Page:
A 2019 study evaluated the impact of time in nature on cortisol levels and alpha-amylase, two markers of stress. The participants were asked to spend time in nature 3 times per week or more for at least 10 minutes. For cortisol, there was a significant reduction in cortisol after 20-30 minutes in nature and a 21.3% drop in levels after being in nature 1 hour. Similar improvements were also seen in alpha-amylase.[6]

5.   Improves mood.

Spending time in nature can help improve your mood, feelings of happiness, and overall contentment. A meta-analysis based on the data from over 8,500 people found that those who reported a regular connection with nature tended to also report more life satisfaction and positive mood when compared to those who did not have a regular connection.[7] If you would like to uplift your mood, consider taking a walk in nature a few times a week.

Learn More: Ways to Support a Healthy Mood

6.   Increases creativity.

There is so much noise in our daily lives, it can be easy to feel distracted and disconnected. But moments of creative thought require focus and silence.

In nature, you have an opportunity to disconnect from smartphones and overstimulation. It’s just you and the natural world. Carving out the time for a short walk in nature in the middle of a busy day can help you clear out mental space  to tackle your daily tasks in a more creative way.

7.   Boosts concentration and attention span.

Interaction with nature has been found to have cognitive benefits, such as helping improve concentration. A systematic review of the connection between the natural world and cognitive performance found that just seeing green spaces can improve attention, overall cognitive development, working memory, and reduce attention deficits.[8]

8.   Healthier sleep.

Have you ever spent the day outdoors and later had the best sleep of your life? Research backs up this experience. A 2015 study found that older adults who have access to natural surroundings, report better sleep. Participants who reported the worst sleep over the last month were those with less access to green space.[9]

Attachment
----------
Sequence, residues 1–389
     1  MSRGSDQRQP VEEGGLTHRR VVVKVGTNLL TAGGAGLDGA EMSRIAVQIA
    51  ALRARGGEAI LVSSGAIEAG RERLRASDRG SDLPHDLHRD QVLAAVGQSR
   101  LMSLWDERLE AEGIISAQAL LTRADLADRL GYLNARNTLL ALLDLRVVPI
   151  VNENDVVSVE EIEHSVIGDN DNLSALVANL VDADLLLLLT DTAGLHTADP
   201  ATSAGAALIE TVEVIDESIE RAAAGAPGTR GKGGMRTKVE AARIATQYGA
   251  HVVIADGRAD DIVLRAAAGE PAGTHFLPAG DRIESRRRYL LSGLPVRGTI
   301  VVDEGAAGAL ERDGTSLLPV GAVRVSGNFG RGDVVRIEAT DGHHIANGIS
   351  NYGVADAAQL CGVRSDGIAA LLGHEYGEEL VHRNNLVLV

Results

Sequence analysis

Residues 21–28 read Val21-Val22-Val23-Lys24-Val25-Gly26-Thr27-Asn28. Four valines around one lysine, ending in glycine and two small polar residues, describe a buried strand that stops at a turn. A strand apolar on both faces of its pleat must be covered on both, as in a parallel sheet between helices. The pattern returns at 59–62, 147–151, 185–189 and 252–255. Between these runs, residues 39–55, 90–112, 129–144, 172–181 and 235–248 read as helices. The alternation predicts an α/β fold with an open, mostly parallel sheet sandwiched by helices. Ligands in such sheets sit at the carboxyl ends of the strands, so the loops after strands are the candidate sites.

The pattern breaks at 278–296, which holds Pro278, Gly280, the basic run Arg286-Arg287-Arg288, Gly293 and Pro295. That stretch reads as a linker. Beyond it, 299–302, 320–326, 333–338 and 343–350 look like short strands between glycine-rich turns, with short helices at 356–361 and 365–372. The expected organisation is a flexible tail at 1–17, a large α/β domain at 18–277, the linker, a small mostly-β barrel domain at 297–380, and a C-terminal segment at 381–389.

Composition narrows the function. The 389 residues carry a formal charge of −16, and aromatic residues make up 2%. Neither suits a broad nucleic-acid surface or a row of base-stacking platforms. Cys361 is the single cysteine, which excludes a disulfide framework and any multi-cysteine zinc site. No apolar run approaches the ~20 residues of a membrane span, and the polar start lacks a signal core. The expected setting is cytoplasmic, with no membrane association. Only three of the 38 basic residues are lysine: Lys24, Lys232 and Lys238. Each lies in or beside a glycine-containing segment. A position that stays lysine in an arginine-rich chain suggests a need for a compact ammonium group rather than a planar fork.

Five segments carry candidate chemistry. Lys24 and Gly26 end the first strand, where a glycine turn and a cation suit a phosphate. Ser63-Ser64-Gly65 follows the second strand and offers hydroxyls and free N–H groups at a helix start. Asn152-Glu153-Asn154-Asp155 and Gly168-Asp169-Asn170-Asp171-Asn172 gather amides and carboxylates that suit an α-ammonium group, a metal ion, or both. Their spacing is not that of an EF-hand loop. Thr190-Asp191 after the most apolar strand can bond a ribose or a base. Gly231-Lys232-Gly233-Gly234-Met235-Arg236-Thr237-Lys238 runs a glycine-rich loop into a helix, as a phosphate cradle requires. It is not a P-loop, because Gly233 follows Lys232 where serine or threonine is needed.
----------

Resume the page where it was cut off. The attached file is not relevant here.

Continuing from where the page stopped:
If you occasionally desire more restful sleep, a nature walk paired with sleep support supplements like our Wellblends™ Sleep & Recover™ Gummies, might help you get the rest you need.†

9.   Immunity benefits.

A 2015 analysis evaluated hundreds of studies on the impact of nature and health. Researchers found that just 30 minutes of forest walking resulted in a significant increase in white blood cells, important for immune function.[10]

Spending time walking in nature can help support immune health through a variety of pathways. Better sleep, stress reduction, and physical exercise may all play a role in supporting immune health.

10.  Improves overall well-being.

Walking or other physical activity outdoors has been associated with multiple improvements in mood, health, happiness, and a greater sense of connection with the world around us. This is true even in urban environments, such as a local park, or in a more rural setting. Just being in nature can improve your well-being in a myriad of ways.

If you want to tap into the health benefits of nature, the important thing is to get outside regularly in green spaces, even for just 15-30 minutes per day. If you live in a city, look for local green spaces nearby or drive to a local hiking trail on weekends or after work. Prioritizing your connection with nature by walking can have a widespread effect on multiple other aspects of your health and wellness.

Learn more about wellness:

Follow @NatureMadeVitamins on Instagram for new product news, healthy tips, and more.